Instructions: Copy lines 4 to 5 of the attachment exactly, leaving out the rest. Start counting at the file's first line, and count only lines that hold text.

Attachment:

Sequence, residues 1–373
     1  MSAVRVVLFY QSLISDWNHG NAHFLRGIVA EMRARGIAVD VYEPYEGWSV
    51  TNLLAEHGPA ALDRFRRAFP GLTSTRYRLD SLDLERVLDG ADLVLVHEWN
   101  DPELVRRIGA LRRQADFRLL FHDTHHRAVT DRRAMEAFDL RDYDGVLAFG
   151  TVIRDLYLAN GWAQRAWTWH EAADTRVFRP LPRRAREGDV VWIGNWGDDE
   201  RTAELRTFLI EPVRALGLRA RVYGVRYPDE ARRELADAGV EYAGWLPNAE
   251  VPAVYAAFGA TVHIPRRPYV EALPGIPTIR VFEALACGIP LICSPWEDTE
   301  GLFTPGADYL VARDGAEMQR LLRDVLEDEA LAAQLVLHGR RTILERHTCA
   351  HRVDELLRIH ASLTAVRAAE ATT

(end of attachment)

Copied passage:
   101  DPELVRRIGA LRRQADFRLL FHDTHHRAVT DRRAMEAFDL RDYDGVLAFG
   151  TVIRDLYLAN GWAQRAWTWH EAADTRVFRP LPRRAREGDV VWIGNWGDDE